He placed a hand over his heart, that grin stretching wider. “As for moi, I like long walks on the beach, sipping mojitos while watching the sun set, and sharing romantic candlelit dinners with gorgeous men.”
Jake snorted. He wasn’t the only one.
“Fucking fag,” Kennedy growled.
I tensed, but the boy—Remy—either didn’t hear him or chose to ignore the insult. All he did was slide his eyes across to Miss Osbourne and raise one slender brow. “Too much information?”
“I think that will do, thank you.” The faint flush on her cheeks was the only sign of her displeasure. “I expect everyone to make Remy feel welcome. Do I have a volunteer to show him around and help him settle in?”
A hush fell over the room. The ticking of the ancient clock above the whiteboard resonated like a bassline in the sudden absence of sound. Moments passed, and the silence grew longer, louder. If I hadn’t been watching Remy, I never would have noticed the way his expression went taut.
I was hardly surprised by the reticence of my peers. They may have snickered at his grandiose self-introduction, or admired his blatant flaunting of the rules, but no one wanted to be seen associating with someone that was so obviously…different.
None were prepared to single themselves out from the pack, not for his sake, so they left him to stand there on his own, slowly suffocating in the stillness.
I remembered how that felt. I remembered it all too well.
Remy bit his lip, and something inside my chest gave way.
I raised my hand.
Miss Osbourne blew out a short breath. “Thank you, Carter.”
My heart pounded and my palms were slick with sweat, but no one batted an eye. This was the type of thing I did, after all, and despite my misgivings I couldn’t leave Remy to the tender mercies of Kennedy and his mates. I wasn’t that cruel.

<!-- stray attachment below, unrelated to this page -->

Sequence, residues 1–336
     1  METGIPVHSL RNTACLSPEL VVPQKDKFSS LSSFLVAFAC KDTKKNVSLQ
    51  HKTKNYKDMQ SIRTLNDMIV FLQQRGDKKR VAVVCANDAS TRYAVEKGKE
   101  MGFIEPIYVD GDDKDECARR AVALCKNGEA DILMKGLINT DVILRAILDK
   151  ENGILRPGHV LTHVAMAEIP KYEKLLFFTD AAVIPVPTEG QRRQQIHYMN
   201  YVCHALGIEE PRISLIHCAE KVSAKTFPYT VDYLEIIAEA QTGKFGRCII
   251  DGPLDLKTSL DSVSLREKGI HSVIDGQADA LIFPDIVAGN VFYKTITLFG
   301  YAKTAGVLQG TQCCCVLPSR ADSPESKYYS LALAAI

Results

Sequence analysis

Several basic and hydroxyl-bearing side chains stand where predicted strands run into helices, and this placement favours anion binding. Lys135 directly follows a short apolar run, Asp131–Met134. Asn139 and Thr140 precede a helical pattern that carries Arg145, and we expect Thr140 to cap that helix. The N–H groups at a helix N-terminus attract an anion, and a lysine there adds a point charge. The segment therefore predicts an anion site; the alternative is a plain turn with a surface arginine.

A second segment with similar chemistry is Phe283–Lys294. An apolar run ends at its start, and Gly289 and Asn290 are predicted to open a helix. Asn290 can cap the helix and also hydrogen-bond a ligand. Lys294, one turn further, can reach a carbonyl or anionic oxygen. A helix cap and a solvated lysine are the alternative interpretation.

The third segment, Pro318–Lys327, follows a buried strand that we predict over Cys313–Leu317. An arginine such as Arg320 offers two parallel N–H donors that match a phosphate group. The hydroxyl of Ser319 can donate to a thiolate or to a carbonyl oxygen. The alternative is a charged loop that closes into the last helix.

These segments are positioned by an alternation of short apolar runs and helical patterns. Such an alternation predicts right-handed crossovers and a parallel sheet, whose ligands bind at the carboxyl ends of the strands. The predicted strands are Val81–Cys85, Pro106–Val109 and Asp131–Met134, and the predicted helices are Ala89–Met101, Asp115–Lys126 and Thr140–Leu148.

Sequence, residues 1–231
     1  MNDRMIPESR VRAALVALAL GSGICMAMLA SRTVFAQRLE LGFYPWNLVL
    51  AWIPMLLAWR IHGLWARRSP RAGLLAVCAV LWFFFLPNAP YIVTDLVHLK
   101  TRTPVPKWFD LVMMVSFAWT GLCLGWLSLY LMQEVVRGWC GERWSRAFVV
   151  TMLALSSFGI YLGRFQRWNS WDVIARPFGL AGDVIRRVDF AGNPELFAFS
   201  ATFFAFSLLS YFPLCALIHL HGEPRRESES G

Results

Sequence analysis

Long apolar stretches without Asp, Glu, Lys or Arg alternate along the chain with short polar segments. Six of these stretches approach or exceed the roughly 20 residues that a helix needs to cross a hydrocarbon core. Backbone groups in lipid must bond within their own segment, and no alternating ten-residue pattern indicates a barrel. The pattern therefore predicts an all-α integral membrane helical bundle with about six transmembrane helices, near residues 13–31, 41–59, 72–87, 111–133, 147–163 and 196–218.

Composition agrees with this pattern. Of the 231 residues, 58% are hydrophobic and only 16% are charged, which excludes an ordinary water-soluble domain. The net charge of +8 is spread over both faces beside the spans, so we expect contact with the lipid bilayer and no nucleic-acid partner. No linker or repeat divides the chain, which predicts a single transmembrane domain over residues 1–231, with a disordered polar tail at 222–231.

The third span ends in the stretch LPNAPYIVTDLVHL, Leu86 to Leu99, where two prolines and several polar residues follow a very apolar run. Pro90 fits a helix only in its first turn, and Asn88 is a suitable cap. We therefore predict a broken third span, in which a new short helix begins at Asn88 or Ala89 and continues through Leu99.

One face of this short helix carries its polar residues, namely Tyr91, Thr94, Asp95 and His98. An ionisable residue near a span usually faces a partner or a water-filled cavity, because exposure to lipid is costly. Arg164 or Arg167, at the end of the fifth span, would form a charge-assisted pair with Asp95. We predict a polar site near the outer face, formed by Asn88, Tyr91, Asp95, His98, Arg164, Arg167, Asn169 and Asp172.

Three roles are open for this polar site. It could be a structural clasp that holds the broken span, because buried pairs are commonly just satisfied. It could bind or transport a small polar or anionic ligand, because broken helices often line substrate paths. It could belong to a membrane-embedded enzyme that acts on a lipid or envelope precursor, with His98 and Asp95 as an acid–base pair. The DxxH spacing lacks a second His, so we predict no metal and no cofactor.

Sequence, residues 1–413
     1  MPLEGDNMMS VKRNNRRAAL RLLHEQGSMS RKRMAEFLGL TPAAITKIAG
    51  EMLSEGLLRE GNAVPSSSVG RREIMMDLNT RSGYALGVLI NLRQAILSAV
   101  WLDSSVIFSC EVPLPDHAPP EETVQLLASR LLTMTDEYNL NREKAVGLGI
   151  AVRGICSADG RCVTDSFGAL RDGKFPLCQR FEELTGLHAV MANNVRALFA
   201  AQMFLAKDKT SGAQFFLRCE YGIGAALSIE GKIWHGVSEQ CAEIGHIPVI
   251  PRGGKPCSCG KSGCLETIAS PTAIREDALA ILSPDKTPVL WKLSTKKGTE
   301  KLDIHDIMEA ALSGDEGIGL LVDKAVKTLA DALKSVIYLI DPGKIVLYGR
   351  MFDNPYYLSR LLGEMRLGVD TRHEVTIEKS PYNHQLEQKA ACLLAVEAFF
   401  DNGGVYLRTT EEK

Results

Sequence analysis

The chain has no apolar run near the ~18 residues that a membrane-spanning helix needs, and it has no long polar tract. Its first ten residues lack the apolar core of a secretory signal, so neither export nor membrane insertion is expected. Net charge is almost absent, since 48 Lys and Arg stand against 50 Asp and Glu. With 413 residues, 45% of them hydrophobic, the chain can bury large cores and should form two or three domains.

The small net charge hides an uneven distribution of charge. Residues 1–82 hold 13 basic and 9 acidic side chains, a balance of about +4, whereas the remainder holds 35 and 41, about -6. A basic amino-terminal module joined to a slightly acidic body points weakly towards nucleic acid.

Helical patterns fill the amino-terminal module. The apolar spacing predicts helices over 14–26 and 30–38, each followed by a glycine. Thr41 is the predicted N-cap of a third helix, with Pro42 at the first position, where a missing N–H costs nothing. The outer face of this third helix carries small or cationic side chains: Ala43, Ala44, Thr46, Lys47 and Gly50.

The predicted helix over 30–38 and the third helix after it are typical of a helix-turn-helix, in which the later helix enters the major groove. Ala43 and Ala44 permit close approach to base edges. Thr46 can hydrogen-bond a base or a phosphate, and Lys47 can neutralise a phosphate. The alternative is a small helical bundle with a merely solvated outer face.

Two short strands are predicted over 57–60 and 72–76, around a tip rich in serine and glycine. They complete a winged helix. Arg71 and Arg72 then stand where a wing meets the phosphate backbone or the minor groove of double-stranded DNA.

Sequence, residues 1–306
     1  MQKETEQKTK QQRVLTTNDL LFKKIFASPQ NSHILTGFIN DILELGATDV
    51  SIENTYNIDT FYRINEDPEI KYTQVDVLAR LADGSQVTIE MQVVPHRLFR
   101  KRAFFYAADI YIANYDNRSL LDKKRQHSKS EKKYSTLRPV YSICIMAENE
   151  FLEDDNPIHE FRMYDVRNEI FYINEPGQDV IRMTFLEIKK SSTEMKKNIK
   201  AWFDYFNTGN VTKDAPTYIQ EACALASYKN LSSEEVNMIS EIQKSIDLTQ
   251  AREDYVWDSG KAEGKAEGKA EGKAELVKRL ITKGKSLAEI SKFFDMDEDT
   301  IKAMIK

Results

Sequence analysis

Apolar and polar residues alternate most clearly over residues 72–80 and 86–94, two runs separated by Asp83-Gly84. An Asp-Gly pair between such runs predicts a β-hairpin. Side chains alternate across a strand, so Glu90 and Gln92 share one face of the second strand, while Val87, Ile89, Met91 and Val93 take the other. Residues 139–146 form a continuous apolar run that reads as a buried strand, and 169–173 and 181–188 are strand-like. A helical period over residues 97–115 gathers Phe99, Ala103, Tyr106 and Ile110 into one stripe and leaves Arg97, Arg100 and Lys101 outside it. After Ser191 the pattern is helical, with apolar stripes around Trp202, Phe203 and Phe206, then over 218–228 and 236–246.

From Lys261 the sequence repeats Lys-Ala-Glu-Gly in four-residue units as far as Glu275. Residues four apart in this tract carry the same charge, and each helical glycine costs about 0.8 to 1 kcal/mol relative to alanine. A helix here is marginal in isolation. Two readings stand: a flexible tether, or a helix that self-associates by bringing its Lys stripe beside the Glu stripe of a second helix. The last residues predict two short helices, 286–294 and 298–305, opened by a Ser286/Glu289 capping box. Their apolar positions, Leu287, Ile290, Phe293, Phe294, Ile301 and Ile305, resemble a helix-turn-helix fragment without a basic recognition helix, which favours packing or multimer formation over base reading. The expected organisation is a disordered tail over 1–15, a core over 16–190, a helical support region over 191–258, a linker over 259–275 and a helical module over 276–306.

Kennedy’s hateful gaze drilled a hole between my shoulder blades, but I thrust all thoughts of him from my mind. Jake and I shuffled across, making space for Remy on my other side as he sauntered down the aisle towards us.
Remy slid into the empty chair and flashed me a smile so brilliant I was momentarily blinded by it. “Thank you, mon chou.”
“No worries,” I ground out, tamping down irritation that he presumed to give me a pet name. Sure, I’d offered to help him, but we weren’t friends. I didn’t know him, and he certainly didn’t know me.
Miss Osbourne got to work passing around our diaries and class timetables, and chatter soon smothered the lingering echo of silence. Remy propped his chin in one hand and zeroed in on me. “You’re the school captain, right?”
“Um…yeah.” I ducked my head so my hair flopped over my face, concealing my discomfort. I was proud of my new position, especially since I’d been elected to it, but the extra attention would take some getting used to. Forcing a smile, I offered him my hand. “I’m Carter Cantwell.”
Remy’s palm slid into mine, cool against my clammy skin. His fingers were long and nimble, like a guitarist’s, or a painter’s, but his knuckles were rough with callus. Surprised—I’d expected his hands to be as smooth and polished as the rest of him—it took me a moment to notice when the pad of his thumb brushed over my wrist.
I jerked my hand away, the tips of my ears burning.
“That speech you and the girl captain made at the assembly this morning was amazing,” Remy mused. “Seriously entertaining. I almost wet myself when you—”
“It was all right.”
Remy didn’t need to know that all the witty lines, even mine, had been written by my co-captain. Humour wasn’t my thing, and I was just relieved I got through the damn speech without stumbling.